Our plan is to cover the whole century - 1918 to 2018. Of course it is difficult to investigate three policy fields over 100 years. Therefore, when analysing the newspaper archives, other material and secondary literature, we concentrate primarily on the major shifts that occurred in North Africa in the 1950s and 1960s. In Egypt, the late 1940s and early 1950s are very interesting because social policy served for the first time to legitimise the new state bureaucracy.

You mentioned that you interviewed teachers and doctors. What was the most interesting thing you learned from these people?

The focus of the conversations was on education, and a depressing picture emerged. Egypt is a poor country with huge social inequality. This is also evident in the field of education and education policy. Upper middle classes and the rich have detached themselves and can offer their children diverse and good educational opportunities. They have already sent their children to German, American or British schools in the past, and now the Japanese are also involved. There is strong differentiation and competition within the economic and bureaucratic elites and their children for power opportunities in decades to come. This competition is brutal. There is something like a central baccalaureate, but there are also accusations of corruption and fraud. There is much room to turn money into educational opportunities, while lower classes struggle with overcrowded classes, difficult transportation systems and schools with poor infrastructure. That's why parents scrape together every cent to offer their children tutoring - and this tutoring is offered by teachers who don't earn much themselves. For the teachers it is not decisive to teach at a public school, but to give private lessons. This of course diminishes the quality of general education. All ideas developed in global educational discourses like interactive teaching and the like simply bounce off these harsh socio-economic realities.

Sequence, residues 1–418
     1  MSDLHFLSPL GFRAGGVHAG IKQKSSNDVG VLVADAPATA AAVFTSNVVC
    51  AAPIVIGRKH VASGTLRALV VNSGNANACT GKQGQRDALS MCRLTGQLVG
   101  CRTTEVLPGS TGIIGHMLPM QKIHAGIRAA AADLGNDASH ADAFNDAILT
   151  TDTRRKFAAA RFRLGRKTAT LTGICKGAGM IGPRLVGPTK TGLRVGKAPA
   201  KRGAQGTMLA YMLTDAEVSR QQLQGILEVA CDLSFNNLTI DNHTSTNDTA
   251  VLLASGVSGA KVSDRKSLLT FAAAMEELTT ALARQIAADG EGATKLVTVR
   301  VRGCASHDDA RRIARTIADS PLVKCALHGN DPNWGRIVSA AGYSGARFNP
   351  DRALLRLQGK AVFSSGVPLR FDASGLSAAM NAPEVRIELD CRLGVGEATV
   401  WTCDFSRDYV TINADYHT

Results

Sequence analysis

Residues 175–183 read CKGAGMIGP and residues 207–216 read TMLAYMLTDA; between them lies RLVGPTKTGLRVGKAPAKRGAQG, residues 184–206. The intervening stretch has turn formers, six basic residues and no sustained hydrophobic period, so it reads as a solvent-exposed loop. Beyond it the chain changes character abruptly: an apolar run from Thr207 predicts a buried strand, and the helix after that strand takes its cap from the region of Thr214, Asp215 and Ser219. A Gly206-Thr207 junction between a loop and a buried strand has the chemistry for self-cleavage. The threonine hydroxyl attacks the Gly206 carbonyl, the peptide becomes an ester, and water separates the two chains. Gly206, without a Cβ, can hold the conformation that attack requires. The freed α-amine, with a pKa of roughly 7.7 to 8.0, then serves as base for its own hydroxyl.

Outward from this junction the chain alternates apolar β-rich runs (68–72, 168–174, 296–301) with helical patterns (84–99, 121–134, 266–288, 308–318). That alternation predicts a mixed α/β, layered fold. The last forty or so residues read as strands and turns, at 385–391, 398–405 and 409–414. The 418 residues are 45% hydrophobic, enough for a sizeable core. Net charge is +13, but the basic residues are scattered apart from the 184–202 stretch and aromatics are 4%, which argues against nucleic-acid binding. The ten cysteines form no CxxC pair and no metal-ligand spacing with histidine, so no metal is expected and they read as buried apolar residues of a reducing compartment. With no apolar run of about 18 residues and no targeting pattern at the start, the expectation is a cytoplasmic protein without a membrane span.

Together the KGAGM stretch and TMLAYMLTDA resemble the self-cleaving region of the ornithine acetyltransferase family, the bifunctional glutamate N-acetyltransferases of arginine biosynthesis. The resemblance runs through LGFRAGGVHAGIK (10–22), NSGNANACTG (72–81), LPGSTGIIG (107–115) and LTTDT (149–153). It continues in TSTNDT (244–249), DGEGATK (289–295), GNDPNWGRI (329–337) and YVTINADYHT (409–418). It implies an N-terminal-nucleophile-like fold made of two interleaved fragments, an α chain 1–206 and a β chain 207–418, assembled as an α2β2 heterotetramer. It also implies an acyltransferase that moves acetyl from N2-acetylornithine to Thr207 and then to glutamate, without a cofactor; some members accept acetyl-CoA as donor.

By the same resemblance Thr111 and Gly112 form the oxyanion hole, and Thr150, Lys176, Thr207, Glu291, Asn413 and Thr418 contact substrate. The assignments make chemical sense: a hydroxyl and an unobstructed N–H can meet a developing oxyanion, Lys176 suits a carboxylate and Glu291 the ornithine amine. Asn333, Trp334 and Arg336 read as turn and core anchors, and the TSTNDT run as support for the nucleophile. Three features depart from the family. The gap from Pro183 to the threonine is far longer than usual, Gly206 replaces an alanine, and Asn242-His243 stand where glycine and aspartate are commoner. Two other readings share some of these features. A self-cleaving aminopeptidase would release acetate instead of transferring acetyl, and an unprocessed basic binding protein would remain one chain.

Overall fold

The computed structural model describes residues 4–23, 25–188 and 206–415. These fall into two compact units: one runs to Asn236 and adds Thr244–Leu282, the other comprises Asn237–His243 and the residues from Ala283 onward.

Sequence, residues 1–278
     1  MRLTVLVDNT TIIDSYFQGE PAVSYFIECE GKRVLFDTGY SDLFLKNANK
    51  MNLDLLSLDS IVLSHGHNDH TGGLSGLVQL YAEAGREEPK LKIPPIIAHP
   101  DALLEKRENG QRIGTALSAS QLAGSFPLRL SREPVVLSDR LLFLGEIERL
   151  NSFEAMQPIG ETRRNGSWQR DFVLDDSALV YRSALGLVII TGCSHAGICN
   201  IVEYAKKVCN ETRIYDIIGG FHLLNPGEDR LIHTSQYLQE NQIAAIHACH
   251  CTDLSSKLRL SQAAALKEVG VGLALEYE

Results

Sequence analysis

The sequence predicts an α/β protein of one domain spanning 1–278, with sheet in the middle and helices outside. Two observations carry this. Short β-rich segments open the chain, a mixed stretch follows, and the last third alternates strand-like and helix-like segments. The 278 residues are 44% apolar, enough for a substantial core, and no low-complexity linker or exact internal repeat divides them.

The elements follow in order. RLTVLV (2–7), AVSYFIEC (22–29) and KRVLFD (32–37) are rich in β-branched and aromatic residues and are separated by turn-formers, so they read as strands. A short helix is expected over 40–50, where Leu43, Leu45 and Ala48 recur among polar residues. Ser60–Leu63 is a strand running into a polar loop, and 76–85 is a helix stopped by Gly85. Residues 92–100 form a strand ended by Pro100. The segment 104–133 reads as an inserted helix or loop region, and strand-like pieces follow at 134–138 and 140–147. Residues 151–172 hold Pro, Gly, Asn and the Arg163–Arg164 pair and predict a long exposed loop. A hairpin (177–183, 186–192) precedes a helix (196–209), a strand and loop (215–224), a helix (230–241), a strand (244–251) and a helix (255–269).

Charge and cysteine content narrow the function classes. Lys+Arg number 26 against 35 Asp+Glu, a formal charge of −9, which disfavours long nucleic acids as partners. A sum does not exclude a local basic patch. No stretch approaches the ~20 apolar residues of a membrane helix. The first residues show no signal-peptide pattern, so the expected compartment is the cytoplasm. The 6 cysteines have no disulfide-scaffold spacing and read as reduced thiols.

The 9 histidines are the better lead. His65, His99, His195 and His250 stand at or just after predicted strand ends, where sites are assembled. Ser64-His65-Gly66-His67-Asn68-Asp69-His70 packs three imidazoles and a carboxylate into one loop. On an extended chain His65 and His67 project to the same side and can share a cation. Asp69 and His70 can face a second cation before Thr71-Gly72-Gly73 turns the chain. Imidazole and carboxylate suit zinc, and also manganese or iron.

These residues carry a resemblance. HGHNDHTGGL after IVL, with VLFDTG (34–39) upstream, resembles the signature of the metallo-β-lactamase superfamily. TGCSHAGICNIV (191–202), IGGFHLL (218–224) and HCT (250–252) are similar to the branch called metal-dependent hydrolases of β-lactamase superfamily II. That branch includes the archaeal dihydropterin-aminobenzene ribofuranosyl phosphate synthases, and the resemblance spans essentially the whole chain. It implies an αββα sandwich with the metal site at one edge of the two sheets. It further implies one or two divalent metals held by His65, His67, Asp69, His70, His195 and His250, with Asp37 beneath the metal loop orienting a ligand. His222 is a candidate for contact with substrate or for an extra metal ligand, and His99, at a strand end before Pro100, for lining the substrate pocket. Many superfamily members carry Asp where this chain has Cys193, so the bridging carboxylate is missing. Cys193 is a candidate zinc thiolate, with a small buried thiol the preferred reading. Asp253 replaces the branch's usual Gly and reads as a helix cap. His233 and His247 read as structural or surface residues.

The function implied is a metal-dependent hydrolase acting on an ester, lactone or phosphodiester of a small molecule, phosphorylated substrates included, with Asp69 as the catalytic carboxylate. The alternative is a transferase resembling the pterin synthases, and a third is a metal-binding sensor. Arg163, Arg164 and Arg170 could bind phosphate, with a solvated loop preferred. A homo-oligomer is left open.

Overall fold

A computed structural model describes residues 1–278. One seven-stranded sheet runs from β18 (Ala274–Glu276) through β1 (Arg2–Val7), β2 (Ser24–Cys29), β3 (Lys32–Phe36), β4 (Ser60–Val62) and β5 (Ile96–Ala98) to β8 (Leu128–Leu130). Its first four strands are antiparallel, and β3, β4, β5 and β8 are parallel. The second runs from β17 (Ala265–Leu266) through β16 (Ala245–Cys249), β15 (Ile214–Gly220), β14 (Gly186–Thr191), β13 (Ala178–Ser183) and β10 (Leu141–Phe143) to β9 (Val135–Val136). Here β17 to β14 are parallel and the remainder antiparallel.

You have now mapped the field and explored networks. How do you proceed?

I will go to Egypt and Cairo again to look at the material from the 1940s to the 1970s. I will systematically compile the material on relevant political decisions in order to discuss and evaluate the greatest similarities and differences within our project.


Contact:
Dr. Roy Karadag
CRC 1342: Global Dynamics of Social Policy, Institute for Intercultural and International Studies
Mary-Somerville-Straße 7
28359 Bremen
Phone: +49 421 218-67468
E-Mail: karadag@uni-bremen.de

Tao Liu, Tobias ten Brink and Armin Müller presented their research at an international conference of the Centre for Chinese Public Administration Research in Guangzhou.

From 24-25 November 2018, members of project B05 participated in the “Poverty, Inequality and Social Policy International Conference 2018” in Guangzhou, China. The Centre for Chinese Public Administration Research at Sun Yat-sen University organised the conference, and scholars from Singapore, Hong Kong, Taiwan, mainland China, Korea, Australia, Germany and the UK attended.

Prof. Tao Liu, Prof. Tobias ten Brink and Dr. Armin Müller presented during the conference. Dr. Müller evaluated the effectiveness of health insurance in preventing illness-induced poverty in China among the elderly, whereas Prof. Liu defined digital risks and how they could challenge social protection. Prof. ten Brink introduced the Collaborative Research Centre 1342, its two Project Areas A and B, and project B05. Adding on the introduction, he also mentioned how Chinese Dibao (minimum living allowance) has synthesized disparate ideas of European welfare universalism, American's workfare and the Chinese tradition of pragmatism and regionalism. Project team B05 also had an internal meeting at Guangzhou.